The Sunday Post for November 13, 2016

A Time for Refusal

Well, I was going to go election-free today. I thought: "wouldn't it be nice to read around the thing, to not have to face it every moment. Why can't we have a Sunday morning without the election?"

I still think that's a fine goal, but to be honest, the best things published this week are about the election. Everybody is thinking about the election. Everybody is writing about the election.

So, let us go there, too, not with panic, but with a desire to learn and understand.

And who better to start with then one of our most prescient and thoughtful writers, Teju Cole, who published this in the New York Times Magazine.

It is a Sunday afternoon in a provincial town in France. Two men meet at a cafe. One of them, Berenger, is half-drunk. He is being berated by his companion, Jean. All of the sudden, they hear a great noise. When they and other townspeople crane their necks to figure out what’s going on, they see a large animal thundering down one of the streets, stamping and snorting all the way. A rhinoceros! Not long after, there’s another. They are startled. It’s outrageous. Something must be done. What they begin to do is argue heatedly about whether the second rhino was the first one going past a second time or a different one, and then about whether the rhinos are African or Asiatic.
Revenge of the Forgotten Class

Alec MacGillis, in ProPublica, about those voters all politicians have overlooked, who broke for Trump in a big way. By the way, ProPublica is an important institution, a non-profit news gathering organization. Consider tossing them a few dollars, if you can.

Hand-wringing among Democrats about the party’s declining support among white working-class voters goes back a long time, to Lyndon Johnson’s declaration that signing the Civil Rights Act would sacrifice the allegiance of white Southerners. Then came the rest of the historical litany: the crime wave, riots and anti-Vietnam War protests of the late 1960s, the consolidation of suburban white flight, Nixon’s Silent Majority, Reagan Democrats, NAFTA, gun control, the War on Coal, and on and on. By this year, many liberals had gotten so fed up with hearing about these woebegone voters and all their political needs that they were openly declaring them a lost cause, motivated more by racial issues than economic anxiety, and declaring that the expanding Democratic coalition of racial and ethnic minorities and college-educated white voters obviated the need to cater to the white working class.

But this assessment suffered from a fatal overgeneralization. The “white working class” was a hugely broad category — as pollsters defined it, any white voter without a four-year college degree, roughly one-third of the electorate. Within that category were crucial distinctions, especially regional ones. Democrats in national elections had lost most white working-class voters in the Deep South — indeed, virtually all white voters there — a long time ago. They had in the past decade and a half seen much of Greater Appalachia, stretching from the Alleghenies to Arkansas, follow suit, to the point where West Virginia, one of just five states that Jimmy Carter won in 1980, went for Mitt Romney by 26 percentage points in 2012. It was hard to see how the Democrats were going to win back coal country like Logan County, W.V., which Bill Clinton won with 72 percent in 1996 but where Obama got only 29 percent in 2012.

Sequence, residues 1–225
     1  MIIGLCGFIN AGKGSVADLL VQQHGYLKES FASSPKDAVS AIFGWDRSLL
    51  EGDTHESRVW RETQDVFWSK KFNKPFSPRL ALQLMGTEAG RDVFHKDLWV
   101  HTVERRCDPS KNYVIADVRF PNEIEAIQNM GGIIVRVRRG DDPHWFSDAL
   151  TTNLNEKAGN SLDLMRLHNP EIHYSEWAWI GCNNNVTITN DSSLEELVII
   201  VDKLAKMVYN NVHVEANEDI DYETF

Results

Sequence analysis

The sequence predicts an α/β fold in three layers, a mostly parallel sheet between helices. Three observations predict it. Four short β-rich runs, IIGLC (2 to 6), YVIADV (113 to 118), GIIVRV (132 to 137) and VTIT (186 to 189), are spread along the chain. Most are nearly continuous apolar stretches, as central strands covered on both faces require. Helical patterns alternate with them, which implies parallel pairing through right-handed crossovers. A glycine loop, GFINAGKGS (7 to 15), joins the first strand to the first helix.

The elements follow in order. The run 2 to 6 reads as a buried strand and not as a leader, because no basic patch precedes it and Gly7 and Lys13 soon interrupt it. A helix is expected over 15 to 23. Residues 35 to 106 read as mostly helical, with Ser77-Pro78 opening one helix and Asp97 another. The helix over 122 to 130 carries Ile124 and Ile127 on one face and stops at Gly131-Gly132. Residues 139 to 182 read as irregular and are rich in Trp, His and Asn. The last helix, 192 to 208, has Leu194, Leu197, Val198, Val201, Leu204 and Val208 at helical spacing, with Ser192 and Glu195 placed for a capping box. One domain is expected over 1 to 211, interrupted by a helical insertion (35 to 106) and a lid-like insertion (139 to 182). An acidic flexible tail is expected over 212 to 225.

The smug style in American liberalism

An older piece, by Emmett Rensin, in Vox about liberalism's attitude towards the world. It sure seems like a lot of people who voted for Trump complain about how poorly liberals think of them.

There is a smug style in American liberalism. It has been growing these past decades. It is a way of conducting politics, predicated on the belief that American life is not divided by moral difference or policy divergence — not really — but by the failure of half the country to know what's good for them.
How It Happened

Elizabeth Drew looks at how we could have all been so certain Hillary would win, and how we were all so shocked that she didn't.

In late September, I ran into Newt Gingrich and, out of curiosity, I asked him how he thought the election would turn out. “There’ll be a surge for Trump at the end,” he said. “There’s only so far that Hillary can go; too many people don’t like her.” I dismissed this as spin, forgetting that for all his erratic nature Gingrich is a bit of a visionary. Until it happened in 1994, no one outside his small circle believed that he could turn the House of Representatives—in Democratic hands for forty years—into a Republican bastion; hardly anyone took seriously the idea that Gingrich, the rowdy back-bencher, could become speaker. How deeply he believed what he told me about Trump’s chances, I didn’t and still don’t know, but I think my reaction suggests how a great many people thought about this election, up until Tuesday evening: no way it could happen. So it wouldn’t.

And finally, I am totally with Maris on this:

But, after last night, I'm with her on this too: